© 2019-2020 Kayla Sulak. Photography & blog content may not be reproduced without permission.

Winter is Still a Great Time to Hike; Are You Prepared?

December 5, 2015

 

 

Winter is a wonderful time to hike! Trails are quieter and trailheads less crowded, forests are greener, waterfalls are more 'alive,' and you may see amazing, unique conditions like fog, snow, or ice formations--to name a few of my favorite things!

 

Getting out for a hike in late fall and winter can, however, be difficult when you live in the Northwest. It is generally either cold, rainy or downright stormy; and since we lose up to seven hours of daylight, you're a bit more limited if you wish to accomplish a bigger day hike before nightfall. Accommodating these changes requires extra preparation to stay safe and happy on your adventure.

 

I'm here to share some advice and key things that will help you get out there while staying safe and warm!

 

First, check the weather, road conditions and trail conditions for wherever you're headed.

If you know whether the place you're hiking is in the National Forest, State Park or BLM territory, etc., you can call the local office or check their website for trail conditions. Many forest roads are unmaintained or gated off in winter. Moreover, some trails become unsafe or inaccessible in winter without snowshoes or extra traction gear.

Know before you go!

 

What to Wear in Winter

* Clothing layers:

     - Choose synthetic fabrics (e.g. polyester) or wool which wick moisture away from skin-- never cotton, which lowers your body temperature when wet.

     - Wear or carry at least one thermal, insulating layer

     - Waterproof, windproof jacket & pants will keep you dry on rainy days

     - Monitor & adjust your layers: if you're sweating too much from being bundled in too many layers, you may catch a chill from the breeze (or even hypothermia) once you stop moving or if air temps suddenly drop

* Waterproof hiking boots with a grippy tread

* Warm hat & gloves -- best to keep them handy during cool weather days

* Traction gear -- snowshoes or microspikes, among other traction devices, may be necessary for hiking certain trails in winter. Again, best to check trail conditions so you know what to expect.

 

"The 10 Hiking Essentials" (and know how to use them!)

Do you know about the 10 Essentials? These 10 things are important to have for any outdoor adventure, big or small, but especially so if you're facing the adverse conditions of the "off-season:"


1) Map -- examples: Green Trails maps, topographical USGS/National Forest maps, etc.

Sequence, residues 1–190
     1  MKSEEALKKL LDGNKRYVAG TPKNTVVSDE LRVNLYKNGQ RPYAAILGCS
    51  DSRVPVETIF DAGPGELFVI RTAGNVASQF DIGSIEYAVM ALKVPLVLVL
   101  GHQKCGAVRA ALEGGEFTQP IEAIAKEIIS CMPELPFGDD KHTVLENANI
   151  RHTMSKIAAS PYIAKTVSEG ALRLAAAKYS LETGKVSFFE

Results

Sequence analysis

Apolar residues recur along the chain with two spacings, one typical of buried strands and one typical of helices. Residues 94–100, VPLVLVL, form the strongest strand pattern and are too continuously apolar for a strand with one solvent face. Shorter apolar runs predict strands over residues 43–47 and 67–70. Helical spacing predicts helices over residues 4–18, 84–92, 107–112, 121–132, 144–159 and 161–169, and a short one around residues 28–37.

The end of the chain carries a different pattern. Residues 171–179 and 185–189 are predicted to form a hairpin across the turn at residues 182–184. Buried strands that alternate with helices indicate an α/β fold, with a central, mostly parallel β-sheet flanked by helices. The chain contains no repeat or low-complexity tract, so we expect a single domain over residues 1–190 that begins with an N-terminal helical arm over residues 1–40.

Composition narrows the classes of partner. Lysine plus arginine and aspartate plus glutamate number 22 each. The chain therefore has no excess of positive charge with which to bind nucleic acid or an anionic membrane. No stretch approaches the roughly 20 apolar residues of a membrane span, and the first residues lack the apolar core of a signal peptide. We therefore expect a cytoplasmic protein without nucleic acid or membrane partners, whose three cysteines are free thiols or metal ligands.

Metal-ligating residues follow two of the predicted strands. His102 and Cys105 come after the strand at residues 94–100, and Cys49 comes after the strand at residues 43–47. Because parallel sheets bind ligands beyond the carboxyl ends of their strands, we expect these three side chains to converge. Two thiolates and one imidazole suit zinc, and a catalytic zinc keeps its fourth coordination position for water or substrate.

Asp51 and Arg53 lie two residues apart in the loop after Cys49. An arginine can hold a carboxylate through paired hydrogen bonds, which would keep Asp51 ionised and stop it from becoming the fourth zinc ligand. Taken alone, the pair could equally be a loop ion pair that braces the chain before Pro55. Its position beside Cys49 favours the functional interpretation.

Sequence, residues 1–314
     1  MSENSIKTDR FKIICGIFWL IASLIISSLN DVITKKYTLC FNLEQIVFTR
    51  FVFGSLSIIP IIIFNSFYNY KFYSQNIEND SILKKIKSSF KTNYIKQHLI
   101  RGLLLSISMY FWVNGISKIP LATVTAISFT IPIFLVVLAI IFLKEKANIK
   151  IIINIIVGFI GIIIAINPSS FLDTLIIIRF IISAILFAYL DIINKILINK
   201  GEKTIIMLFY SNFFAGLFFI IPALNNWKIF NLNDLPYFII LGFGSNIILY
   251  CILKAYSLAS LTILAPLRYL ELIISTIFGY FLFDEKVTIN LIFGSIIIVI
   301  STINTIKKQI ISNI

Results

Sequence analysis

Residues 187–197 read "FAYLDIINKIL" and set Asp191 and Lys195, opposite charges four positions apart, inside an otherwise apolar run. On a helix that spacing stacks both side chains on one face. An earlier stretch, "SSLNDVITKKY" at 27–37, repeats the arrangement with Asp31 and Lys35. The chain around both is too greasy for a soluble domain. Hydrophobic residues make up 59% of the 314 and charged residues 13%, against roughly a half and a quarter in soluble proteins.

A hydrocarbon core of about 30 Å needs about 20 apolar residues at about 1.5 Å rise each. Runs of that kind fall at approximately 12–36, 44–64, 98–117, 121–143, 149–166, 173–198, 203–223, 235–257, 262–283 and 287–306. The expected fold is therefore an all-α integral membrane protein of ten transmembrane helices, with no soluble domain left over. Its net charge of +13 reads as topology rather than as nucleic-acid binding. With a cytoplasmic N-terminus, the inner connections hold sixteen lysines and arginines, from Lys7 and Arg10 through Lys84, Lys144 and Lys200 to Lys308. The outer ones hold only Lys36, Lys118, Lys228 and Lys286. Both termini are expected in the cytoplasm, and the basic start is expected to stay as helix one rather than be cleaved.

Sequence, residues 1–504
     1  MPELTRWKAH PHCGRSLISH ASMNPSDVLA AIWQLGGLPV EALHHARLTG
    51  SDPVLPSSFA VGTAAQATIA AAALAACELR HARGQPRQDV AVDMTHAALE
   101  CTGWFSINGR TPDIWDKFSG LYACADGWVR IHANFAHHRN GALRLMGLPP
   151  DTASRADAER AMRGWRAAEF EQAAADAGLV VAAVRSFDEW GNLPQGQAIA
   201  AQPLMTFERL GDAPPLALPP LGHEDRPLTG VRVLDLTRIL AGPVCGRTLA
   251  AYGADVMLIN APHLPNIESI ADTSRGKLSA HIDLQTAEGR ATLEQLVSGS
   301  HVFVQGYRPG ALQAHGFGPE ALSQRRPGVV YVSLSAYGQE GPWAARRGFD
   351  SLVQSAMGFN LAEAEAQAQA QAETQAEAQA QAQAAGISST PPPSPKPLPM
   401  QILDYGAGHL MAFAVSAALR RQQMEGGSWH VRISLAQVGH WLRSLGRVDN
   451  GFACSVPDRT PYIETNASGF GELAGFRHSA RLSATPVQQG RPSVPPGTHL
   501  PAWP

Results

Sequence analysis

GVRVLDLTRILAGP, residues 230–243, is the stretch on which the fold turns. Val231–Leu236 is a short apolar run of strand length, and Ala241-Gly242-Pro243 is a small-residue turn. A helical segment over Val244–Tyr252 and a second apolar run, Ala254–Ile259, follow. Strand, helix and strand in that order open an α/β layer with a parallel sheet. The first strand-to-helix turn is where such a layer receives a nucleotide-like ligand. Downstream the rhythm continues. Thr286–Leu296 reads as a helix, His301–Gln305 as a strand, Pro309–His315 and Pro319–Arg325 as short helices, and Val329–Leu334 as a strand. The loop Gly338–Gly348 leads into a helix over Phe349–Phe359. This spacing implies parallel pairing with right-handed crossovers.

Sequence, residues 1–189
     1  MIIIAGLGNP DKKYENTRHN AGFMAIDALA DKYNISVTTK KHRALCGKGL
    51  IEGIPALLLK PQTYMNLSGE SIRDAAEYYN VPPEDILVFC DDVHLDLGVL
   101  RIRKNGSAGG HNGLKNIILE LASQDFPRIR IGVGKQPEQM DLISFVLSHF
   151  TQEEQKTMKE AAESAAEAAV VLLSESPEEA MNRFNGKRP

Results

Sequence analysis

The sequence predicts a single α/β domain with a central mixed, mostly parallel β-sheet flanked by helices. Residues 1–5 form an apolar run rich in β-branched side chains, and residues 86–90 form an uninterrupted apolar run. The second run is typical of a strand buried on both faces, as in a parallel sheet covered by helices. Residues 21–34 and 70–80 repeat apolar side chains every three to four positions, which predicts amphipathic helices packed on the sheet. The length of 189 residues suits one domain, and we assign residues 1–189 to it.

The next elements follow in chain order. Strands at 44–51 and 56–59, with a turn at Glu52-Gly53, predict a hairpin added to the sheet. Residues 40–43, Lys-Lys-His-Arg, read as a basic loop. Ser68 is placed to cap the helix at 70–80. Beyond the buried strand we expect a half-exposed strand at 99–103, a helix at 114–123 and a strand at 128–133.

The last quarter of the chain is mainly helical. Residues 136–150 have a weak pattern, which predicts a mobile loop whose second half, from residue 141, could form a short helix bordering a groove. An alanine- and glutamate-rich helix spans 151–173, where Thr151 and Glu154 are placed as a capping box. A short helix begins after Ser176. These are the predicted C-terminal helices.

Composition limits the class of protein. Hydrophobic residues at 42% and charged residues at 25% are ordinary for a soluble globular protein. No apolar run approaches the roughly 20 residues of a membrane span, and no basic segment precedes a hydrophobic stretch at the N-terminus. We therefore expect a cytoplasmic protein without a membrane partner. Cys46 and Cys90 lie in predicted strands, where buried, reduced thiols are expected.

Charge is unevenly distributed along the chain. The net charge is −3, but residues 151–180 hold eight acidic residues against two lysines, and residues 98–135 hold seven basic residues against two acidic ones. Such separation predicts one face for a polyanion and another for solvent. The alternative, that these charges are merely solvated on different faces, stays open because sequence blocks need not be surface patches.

2) Compass -- a map is basically useless without a compass, and vice versa

3) Water -- if you aren't staying hydrated during exercise, you're more susceptible to dehydration and other complications

4) Food -- nutrient dense non-perishables, e.g. protein bars, nuts, dried fruits or vegetables, jerky

5) Clothing Layers -- even if it's warm & sunny starting out, bring a sweater and/or rain jacket to protect yourself during unexpected weather patterns (also see "What to Wear" above)

6) Firestarter -- examples: flint, waterproof matches (best to store these items in a sealed container, even if they're waterproof); many other firestarter options are available at most outdoor stores

7) First Aid Kit -- these can be purchased at any outdoor store; some basic contents might include gauze and bandages, antiseptic wipes, moleskin, tweezers, ibuprofen, non-drowsy allergy medicine

8) Pocket Knife or Multi-Tool

9) Headlamp/Flashlight + Extra Batteries -- getting stuck in the woods after dark without a light source isn't fun :(

10) Sun Protection -- i.e. sunscreen and/or sunglasses (especially useful if hiking in exposed places, or near water/snow which magnifies & reflects the sun's rays)

 

Other Items You May Wish to Carry

A whistle or mirror (helpful if you become lost or injured); paracord; emergency blanket; small water filter for emergencies (LifeStraw is popular); hiking poles; plastic garbage bag (can be tucked away neatly in your bag and forgotten about; has 101 uses for emergencies and more); hand warmer packets; a rain cover for your backpack or airtight storage bags to keep electronics dry

 

 

For those in the Portland metro area, I recommend Portland's own Next Adventure for outdoor safety supplies and gear/apparel--and no, they aren't paying me to say this. I just love that place!

 

Please fill out the contact form on the 'About' page if there's anything I missed! Thanks!
Happy winter hiking!

 

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